One Little Indian-Rough Trade
February 21, 2005
from 5 (excellent) to 1 (poor)|
|Vocals : 5||Backing : 4/5||Production : 4/5||Sound quality : 5||Sleeve : 4/5|
Renown British dub poet Benjamin Zephaniah more than 8 years after his Mad Professor produced album "Belly Of The Beast", and 22 years after debuting in 1983 with the amongst others Wailers featuring "Rasta", returns with his 5th (?) album "Naked", produced by once Björk and 80s Howard Jones producer Trevor Morais on One Little Indian Records. This is the first album where he really steps outside
the reggae-world, as adressed in the first track "Uptown Downtown"
with his hip-hop, reggae, who really cares ... check the poet
with the dreadlocks sound, followed by the excellent 7:10 title-track
"Naked", of which he says it is "the most personal and
honest poem I've ever written. I actually think it's a love poem and this
is about the love for myself and the love of truth and reason — all my
life that's been me", and it is over its intriguing beat all that
Benjamin Zephaniah stands for, as made clear in the last stanza |
Dis is me. I hate dis government as much as I
hated the one before it and I have reason
to believe that I will hate the one to come
Dis is me, squeeze me. Let me free me.
I have come to realise that what you can do for me
I can do much better for me.
Let me do for my loved ones what you will not do for them
I want to hold the hands of my loved ones
and cause a victorious rumble in dis black universe
I am naked, whispering screams in the church
of the impatient revolutionaries. I may be
vulnerable, I may not have the education of my critics and
the wealth of my arresting officers, but I have
never felt the need to wear a uniform in order
to break laws and I have never felt the need to
eat dead bodies in order to feel like a good human being.
Dis is me naked
This stanza in combination with the lines earlier in this poem Naked, and all the priests and politicians / Who I despise are naked ... should not leave anyone surprised that he publicly rejected and OBE, as he himself said:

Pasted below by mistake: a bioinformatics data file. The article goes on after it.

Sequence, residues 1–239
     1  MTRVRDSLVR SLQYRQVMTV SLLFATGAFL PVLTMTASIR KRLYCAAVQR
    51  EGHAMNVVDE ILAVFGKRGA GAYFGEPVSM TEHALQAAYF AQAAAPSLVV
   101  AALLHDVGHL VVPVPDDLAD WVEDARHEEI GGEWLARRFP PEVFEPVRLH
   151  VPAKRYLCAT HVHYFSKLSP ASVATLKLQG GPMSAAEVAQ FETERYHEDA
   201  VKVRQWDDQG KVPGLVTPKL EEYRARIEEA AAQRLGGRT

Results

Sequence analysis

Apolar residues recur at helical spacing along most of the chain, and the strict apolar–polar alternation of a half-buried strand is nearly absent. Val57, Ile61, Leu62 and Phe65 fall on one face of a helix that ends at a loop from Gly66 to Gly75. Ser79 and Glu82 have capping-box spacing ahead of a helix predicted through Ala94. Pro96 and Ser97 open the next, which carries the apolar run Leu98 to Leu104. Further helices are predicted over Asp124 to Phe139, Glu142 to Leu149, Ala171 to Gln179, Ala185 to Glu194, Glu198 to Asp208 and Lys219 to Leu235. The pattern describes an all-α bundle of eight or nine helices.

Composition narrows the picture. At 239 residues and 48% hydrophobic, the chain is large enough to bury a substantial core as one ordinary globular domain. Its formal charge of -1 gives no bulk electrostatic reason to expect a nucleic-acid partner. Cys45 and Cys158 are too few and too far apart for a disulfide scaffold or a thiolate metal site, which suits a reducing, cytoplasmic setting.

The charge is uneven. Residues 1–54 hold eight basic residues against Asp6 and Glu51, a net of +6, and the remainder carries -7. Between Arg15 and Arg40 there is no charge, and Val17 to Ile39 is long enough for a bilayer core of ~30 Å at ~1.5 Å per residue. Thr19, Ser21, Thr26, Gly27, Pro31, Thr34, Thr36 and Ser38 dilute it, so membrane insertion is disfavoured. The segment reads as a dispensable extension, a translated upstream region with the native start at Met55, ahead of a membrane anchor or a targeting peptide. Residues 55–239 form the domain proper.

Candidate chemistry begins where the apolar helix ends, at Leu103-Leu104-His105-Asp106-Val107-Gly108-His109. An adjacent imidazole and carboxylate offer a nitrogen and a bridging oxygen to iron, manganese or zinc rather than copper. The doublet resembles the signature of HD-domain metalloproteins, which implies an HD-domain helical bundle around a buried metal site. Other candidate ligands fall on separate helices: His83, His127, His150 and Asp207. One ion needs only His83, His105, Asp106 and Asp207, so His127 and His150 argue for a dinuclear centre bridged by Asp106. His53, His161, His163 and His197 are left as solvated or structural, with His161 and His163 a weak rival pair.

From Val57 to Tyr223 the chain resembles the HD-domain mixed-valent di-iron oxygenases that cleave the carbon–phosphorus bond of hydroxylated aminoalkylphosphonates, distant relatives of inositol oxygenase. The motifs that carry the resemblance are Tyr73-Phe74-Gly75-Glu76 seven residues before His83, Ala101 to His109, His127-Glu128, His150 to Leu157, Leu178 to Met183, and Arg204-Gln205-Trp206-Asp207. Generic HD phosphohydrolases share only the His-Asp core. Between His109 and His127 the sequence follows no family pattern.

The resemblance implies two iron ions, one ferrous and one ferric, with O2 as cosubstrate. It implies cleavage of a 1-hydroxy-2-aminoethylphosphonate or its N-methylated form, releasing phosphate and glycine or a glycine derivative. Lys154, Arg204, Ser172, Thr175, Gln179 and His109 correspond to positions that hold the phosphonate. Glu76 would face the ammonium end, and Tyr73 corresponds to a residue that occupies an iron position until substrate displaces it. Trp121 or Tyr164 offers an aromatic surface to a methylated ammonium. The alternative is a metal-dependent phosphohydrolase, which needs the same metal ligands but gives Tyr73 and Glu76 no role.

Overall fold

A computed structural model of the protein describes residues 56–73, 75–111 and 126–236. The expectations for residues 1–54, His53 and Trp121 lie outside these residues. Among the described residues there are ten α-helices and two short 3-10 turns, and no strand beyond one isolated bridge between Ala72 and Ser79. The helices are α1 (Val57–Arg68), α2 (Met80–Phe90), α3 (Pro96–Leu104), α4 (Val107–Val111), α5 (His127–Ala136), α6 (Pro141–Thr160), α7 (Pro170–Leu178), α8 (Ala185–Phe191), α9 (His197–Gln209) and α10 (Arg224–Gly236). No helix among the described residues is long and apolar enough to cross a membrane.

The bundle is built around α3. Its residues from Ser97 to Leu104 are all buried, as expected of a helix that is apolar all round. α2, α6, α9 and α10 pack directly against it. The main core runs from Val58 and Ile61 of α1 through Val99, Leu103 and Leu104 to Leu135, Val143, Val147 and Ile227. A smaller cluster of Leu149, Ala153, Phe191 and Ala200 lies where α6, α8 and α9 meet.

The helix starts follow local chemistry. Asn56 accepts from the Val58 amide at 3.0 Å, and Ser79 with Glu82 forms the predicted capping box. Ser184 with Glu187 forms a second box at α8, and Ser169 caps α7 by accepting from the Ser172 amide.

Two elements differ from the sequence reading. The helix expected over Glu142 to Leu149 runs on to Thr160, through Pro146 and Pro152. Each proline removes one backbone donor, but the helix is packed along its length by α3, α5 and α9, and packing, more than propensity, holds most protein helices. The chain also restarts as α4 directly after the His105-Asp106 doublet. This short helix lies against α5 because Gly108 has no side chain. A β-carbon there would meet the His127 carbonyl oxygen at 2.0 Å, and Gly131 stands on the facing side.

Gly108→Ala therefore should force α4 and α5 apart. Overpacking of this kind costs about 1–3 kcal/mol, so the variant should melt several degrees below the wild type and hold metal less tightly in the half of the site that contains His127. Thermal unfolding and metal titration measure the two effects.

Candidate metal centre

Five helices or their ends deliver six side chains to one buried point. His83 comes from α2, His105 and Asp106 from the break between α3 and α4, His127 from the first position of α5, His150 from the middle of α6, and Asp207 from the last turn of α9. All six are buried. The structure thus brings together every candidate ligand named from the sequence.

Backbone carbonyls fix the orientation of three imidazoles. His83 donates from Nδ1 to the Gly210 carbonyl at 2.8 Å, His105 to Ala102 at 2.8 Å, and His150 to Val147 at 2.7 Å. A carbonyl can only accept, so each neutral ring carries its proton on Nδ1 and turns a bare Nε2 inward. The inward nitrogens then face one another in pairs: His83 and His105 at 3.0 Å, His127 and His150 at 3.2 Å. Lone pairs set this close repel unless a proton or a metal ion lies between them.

"Me an OBE? No thanks!
I woke up on the morning of November 13 wondering how the [UK] government could be overthrown and what could replace it, and then I noticed a letter from the prime minister's office. It said: "The prime minister has asked me to inform you, in strict confidence, that he has in mind, on the occasion of the forthcoming list of New Year's honours to submit your name to the Queen with a recommendation that Her Majesty may be graciously pleased to approve that you be appointed an officer of the Order of the British Empire."
Me? I thought, OBE me? Up yours, I thought."
But there's room for a lighter approach as well, as the tongue in cheek life is hard for "Superstar"s proves. "Touch" is a beautiful love-poem over a strumming acoustic guitar with a saxophone in the background, almost Barry White like delivered, followed by "Rong Radio Station" which Benjamin Zephaniah performed last year at the Tribute to John Peel, a blazing track over a fast paced drum'n'bass riddim featuring UK reggae-stalwart Dennis Bovell's basslines and after that the heartfelt everybody's looking for their fathers / it's a man's world so they say / we keep looking for "Our Fathers" / when our mothers know the way over an also d'n'b inspired backing. The gloomy "Slow Motion" terrorism about state terrorism is followed by the dubby reggae of gotta be "Responsible" with a beautifully sung hookline by De'borah Asher. "Homesick" is over almost Nyahbinghi like drumming, with a jazzy bass and jazzy saxophone accents, to commemorate one more Black Death in custody. The lyrically intriguing "Genetics" has a synth heavy techno beat with great percussion, before the album is closed with the upful "Things We Say" that despite it's almost loungy backing is probably closed to his earlier material musically. This album, that comes with a very nice 36 page booklet, containing all lyrics (that can easily stand on their own on paper) and some extremely nice artwork by critically acclaimed UK street artist Banksy is an absolute must-have if you don't shy away from the non-reggae backing, as it is superb food for thought.